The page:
• Cactus Flowered’ Mix

      The “classic” zinnia has a unique twist thanks to “Cactus Flowered” varieties. The petals have a unique curled or twisted appearance because they are quilled. The flowers have a diameter of 3 to 6 inches and are available in pink, orange, red, yellow, peach, and white hues. Between 75 and 90 days pass before the plant matures, growing to a height of 28 to 40 inches. In addition to being wonderful cut flowers, cactus zinnias provide helpful insects to the yard.

    • Isabellina

      Buttery yellow blooms cover the top of this heirloom zinnia cultivar. The single or double flowers create wonderful cut flowers and combine well with white and pastel-colored flowers. Typically, plants generate long, sturdy stems and reach heights of between 2 ½ to 4 feet.

    • Mazurkia

      The blooms are very moderate, measuring up to 3 inches in diameter, and are “extremely vivid.” ‘Mazurkia’ is more likely to produce double colors than similar types. This type can be grown as a border plant for the landscape, in a pot, or as a cut flower garden. When fully grown, the plant will measure 30 inches. “Mazurkia” is a companion plant to the bicolor variation “Macarenia,” which has red petals and golden tips.

    • Sunbow Mix

      ‘Sunbow’ is a charmingly adorable hybrid with double, 1 to 2-inch blooms. Rose, purple, golden yellow, crimson, orange, pink, and white are all in the mixture. The plant grows to 24 to 30 inches and has long wiry stems. ‘Sunbow Mix’ is a great addition to the garden for cut flowers.

    • Zinderella

      Zinderella’s zinnias have exquisite “tutus” encircling their little, fluffy centers, making them very princess-like flowers. It’s common to describe these zinnias as “scabiosa-like.” These flower blossoms have a dark purple eye in the middle, shorter fluffy florets surrounding it, and a single row of longer and bigger petals making up the “skirt.”
      There are many hues in the “Zinderella” series, including lilac, orange, peach, purple, red, white, and yellow. When fully grown, these plants can grow to be 25 to 32 inches tall. Remember that not every bloom in this mixture will be double or semi-double. There could be some single blooms.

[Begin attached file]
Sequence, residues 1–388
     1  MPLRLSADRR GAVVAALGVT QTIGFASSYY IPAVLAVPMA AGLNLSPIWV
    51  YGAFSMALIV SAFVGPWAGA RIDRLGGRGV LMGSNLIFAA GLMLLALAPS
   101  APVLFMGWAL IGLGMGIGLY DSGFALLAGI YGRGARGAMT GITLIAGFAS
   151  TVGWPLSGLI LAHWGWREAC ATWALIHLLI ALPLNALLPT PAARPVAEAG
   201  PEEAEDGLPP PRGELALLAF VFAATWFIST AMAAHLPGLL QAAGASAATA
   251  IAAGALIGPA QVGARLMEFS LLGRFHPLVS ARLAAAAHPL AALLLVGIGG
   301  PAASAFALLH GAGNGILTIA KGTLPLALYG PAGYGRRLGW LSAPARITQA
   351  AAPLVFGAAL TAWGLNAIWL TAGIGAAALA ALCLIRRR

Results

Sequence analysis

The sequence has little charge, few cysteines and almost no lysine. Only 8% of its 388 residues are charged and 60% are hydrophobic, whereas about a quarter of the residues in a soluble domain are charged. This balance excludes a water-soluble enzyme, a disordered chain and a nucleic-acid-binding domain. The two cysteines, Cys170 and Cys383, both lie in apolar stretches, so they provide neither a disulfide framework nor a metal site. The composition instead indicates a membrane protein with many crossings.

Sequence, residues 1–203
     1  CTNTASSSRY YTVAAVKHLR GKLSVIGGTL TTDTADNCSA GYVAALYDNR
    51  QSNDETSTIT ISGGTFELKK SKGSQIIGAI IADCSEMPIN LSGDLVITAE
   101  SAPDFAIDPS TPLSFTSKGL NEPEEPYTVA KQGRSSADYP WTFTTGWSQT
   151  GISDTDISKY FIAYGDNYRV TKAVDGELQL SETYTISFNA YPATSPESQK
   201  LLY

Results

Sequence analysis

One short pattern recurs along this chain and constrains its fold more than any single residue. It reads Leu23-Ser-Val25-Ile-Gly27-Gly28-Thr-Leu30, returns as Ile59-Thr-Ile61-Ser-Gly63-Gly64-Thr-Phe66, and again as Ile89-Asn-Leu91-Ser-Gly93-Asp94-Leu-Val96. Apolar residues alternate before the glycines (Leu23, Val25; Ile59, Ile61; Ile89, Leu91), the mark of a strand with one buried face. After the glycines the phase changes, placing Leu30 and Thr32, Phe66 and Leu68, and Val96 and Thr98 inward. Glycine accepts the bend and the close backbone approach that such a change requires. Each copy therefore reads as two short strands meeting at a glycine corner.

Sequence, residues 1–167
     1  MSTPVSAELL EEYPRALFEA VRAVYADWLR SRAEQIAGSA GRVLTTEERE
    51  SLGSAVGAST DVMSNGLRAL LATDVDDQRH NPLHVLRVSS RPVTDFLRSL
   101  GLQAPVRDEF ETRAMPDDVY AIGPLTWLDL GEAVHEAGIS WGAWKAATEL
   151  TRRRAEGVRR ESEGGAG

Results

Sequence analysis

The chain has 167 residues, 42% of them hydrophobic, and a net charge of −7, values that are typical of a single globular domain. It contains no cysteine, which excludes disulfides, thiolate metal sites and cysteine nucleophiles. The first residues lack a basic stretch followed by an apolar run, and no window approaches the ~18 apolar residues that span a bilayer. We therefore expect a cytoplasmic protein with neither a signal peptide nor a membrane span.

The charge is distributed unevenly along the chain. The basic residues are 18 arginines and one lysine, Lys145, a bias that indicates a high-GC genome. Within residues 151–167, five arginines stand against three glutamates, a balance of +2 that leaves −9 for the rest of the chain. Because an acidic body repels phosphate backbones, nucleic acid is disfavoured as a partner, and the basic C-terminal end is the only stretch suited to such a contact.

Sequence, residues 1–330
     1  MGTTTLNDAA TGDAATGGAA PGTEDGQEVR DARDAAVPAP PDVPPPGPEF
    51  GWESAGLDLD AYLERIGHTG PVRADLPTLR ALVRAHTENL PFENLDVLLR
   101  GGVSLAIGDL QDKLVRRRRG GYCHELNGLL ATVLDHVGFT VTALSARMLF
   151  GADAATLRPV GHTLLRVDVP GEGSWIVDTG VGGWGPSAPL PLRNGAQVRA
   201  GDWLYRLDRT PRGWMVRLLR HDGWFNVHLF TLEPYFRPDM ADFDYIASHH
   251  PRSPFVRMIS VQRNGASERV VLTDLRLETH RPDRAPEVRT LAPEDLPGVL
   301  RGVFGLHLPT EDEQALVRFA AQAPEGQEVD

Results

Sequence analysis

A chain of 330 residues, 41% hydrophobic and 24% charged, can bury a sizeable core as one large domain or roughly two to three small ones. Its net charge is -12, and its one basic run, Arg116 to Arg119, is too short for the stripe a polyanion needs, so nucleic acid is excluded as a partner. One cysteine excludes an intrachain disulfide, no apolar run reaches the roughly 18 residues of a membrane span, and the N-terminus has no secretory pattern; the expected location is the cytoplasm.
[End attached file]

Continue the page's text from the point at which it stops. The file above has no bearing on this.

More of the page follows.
Zinnia is a well-known ornamental flowering plant. This beauty was first seen and discerned by the Austrian scientist Carl Linnaeus. He named the flower after the botanist scientist from Germany, Johann Zinn. From him, Linnaeus received an amazingly bright herbarium of zinnias. So in the 18th century, zinnia began its journey worldwide, and today is considered one of the most beautiful and favorite flowers. In the 20th century, new varieties of zinnias were bred by specialists in all continents worldwide.

    Many flower growers love zinnias for their bright flower heads and unpretentious nature. Most varieties grow well in direct sunlight and do not require frequent watering. Not every flower can survive in such extreme conditions. The only thing that Zinnia would like is low air temperatures. The plant will bloom from early spring until the first frost with proper care.


    Are zinnias afraid of the cold?

    Yes, returning frosts and lower temperatures can cause the death of the plant. This is why seedlings should be planted in the open ground when all night frosts have passed, and the air temperature is stable.

    What are the lighting requirements for Zinnias to grow?

    Zinnia refers to heat-loving and drought-resistant plants. The flower should choose bright, sunny areas, even with direct sunlight, and reliably protected from winds and draughts.

    How long does a zinnia flower last?

    Zinnia narrow-leaf blooms from late June until frost. It bears fruit. Seeds keep germinating for 2-4 years.